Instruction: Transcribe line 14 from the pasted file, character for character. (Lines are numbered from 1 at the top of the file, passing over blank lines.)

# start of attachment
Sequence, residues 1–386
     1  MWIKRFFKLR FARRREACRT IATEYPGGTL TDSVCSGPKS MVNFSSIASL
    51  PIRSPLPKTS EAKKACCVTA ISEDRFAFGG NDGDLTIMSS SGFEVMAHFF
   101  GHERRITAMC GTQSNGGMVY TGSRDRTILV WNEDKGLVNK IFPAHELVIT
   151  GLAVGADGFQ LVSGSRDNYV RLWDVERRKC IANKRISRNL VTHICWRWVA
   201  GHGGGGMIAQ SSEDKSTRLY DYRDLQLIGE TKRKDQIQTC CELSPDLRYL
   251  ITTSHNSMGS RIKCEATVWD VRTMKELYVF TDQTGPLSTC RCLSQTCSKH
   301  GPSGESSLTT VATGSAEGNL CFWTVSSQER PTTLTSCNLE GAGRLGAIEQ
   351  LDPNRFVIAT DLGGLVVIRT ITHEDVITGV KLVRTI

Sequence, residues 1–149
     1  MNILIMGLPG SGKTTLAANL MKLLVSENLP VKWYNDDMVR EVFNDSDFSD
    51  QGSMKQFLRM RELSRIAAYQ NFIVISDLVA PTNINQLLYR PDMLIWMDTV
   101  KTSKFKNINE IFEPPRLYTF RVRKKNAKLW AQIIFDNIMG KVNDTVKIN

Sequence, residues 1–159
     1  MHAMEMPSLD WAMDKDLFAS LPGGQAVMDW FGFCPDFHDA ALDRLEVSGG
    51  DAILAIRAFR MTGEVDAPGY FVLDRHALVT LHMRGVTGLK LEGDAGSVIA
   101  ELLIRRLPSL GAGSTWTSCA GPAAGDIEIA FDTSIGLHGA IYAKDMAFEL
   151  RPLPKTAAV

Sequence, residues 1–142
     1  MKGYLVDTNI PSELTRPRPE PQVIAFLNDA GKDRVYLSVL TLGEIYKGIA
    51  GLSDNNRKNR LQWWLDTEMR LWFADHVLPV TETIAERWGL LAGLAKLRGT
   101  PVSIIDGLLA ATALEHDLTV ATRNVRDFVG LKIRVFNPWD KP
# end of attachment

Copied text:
Sequence, residues 1–159